How to Modify a Child Support Order in Washington, D.C.
How and when to modify child support orders in Washington, D.C.
Motion to Modify Child SupportThere is only one correct way to change the amount of child support money that is paid under a child support order. That is by filing a motion in court to modify the support order. It is not sufficient to simply get the custodial parent to agree to accept a reduction in child support. When a non-custodial parent is ordered to make child support payments by a family court judge, that parent must continue to make the payments in the amount ordered by the court until the judge formally modifies or terminates the order. If the non-custodial parent fails to make the court-ordered payments, he or she could face very serious consequences, and could be held in contempt of court. It is not unusual for circumstances to change in the lives of parents who are subject to child support orders. Occasionally, these changes can necessitate a change in the amount of child support that is paid by the non-custodial parent. Fortunately, there is a fairly simple process in place to allow parties to ask the court to change the amount of child support that is ordered in their case. When filing a motion to modify child support, the party requesting the change must allege that there has been a "substantial and material" change in the needs of the child who is the subject of the order, or in the non-custodial parent's ability to pay.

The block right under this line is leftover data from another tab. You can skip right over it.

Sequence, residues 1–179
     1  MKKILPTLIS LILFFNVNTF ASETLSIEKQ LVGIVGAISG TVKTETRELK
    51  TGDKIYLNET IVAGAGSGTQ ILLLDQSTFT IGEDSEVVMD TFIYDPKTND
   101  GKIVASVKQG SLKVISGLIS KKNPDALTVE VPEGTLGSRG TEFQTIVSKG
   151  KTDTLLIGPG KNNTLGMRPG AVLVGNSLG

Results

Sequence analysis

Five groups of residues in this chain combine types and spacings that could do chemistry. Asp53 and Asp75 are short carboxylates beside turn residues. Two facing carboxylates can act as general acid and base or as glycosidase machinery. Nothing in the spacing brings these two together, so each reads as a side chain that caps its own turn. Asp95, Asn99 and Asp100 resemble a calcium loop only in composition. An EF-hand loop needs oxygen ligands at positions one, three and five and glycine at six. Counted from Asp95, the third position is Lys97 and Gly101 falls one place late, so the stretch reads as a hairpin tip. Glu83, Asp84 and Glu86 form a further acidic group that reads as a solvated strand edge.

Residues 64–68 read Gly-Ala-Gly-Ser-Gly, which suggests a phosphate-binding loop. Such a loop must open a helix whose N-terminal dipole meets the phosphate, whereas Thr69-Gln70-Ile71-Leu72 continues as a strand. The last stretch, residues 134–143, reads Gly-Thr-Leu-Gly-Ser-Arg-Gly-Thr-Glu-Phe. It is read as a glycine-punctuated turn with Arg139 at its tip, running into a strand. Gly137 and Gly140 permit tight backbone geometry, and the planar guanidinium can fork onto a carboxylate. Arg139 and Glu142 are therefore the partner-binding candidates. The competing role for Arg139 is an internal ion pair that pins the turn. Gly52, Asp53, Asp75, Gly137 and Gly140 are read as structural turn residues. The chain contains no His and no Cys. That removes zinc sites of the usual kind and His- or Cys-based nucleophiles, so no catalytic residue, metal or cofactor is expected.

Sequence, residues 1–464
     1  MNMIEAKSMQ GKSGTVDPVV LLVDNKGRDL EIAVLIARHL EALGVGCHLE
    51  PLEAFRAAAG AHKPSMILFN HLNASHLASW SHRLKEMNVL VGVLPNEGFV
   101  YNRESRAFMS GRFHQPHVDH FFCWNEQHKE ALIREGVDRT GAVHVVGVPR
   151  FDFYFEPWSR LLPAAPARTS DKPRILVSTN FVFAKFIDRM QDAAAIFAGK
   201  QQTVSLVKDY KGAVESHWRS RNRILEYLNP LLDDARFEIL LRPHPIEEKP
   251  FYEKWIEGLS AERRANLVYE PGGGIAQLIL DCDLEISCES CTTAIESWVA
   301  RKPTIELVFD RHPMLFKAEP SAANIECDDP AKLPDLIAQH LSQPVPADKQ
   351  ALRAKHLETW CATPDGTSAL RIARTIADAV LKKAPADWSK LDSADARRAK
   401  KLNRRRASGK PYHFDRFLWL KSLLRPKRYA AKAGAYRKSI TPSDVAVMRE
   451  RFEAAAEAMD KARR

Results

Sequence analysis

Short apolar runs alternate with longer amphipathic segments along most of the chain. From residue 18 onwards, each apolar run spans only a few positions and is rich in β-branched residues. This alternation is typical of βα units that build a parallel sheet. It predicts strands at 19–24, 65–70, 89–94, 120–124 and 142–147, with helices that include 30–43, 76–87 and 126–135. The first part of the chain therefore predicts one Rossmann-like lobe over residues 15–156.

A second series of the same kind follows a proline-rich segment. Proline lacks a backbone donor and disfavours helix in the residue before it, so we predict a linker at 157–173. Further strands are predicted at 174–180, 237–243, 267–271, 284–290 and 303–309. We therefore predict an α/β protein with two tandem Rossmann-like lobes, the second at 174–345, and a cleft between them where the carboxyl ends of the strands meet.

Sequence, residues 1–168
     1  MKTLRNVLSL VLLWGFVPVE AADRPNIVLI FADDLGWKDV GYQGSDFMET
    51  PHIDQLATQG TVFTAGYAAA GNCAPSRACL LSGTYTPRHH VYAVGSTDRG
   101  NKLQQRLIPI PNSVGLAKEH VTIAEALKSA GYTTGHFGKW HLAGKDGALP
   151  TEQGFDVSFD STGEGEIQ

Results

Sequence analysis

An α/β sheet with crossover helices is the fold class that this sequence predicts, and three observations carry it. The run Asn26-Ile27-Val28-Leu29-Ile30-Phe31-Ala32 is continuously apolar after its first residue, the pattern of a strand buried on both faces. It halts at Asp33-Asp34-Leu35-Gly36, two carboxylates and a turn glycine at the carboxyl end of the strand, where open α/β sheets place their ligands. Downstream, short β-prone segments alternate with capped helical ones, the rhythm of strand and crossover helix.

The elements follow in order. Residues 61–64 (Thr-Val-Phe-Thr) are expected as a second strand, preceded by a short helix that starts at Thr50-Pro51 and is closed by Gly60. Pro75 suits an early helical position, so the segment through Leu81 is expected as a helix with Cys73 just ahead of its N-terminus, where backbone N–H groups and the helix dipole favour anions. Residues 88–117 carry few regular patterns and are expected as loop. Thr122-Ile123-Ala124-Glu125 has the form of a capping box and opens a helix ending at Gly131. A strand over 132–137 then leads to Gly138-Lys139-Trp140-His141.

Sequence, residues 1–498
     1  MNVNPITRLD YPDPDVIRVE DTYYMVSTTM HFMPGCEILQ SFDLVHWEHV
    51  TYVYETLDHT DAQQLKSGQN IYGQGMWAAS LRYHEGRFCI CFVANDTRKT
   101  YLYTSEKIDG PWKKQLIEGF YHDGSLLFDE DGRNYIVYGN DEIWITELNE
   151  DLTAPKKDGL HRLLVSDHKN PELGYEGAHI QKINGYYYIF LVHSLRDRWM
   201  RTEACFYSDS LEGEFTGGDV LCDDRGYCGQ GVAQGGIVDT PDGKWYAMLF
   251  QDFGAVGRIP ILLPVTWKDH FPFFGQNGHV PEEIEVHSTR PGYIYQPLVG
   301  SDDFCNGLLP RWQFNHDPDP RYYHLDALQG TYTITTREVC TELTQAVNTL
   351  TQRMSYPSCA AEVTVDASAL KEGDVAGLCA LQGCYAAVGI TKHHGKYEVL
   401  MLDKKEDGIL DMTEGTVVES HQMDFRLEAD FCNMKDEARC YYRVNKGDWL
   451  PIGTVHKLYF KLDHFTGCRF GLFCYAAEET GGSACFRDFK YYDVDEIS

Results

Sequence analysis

Some Common Grounds for Seeking Modification of a Child Support OrderThere are several common grounds for seeking modification of child support orders in Washington, D.C., including: (1) The non-custodial parent has lost his or her job or suffered a significant reduction in income; (2) the non-custodial parent is incarcerated; (3) the non-custodial parent is supporting other children; (4) the custodial parent is now earning significantly more money than when the child support order was entered; (5) the child's expenses have significantly changed; (6) the child is no longer living wth the custodial parent; and (7) the child is now over 21-years-old or has been emancipated through self-supporting employment, marriage, or active duty military service. If any of these changed circumstances apply, the parties should consider whether the changes are significant enough to make a substantial difference in the amount of child support that should be paid. The District of Columbia Child Support Guidelines provide a presumptive level of child support based on a number of factors that are set forth in the guidelines. If application of the guidelines to the changed circumstances results in a presumptive child support order that varies from the current order by 15% or more, than the change would likely be considered significant enough to support modification of the custody order.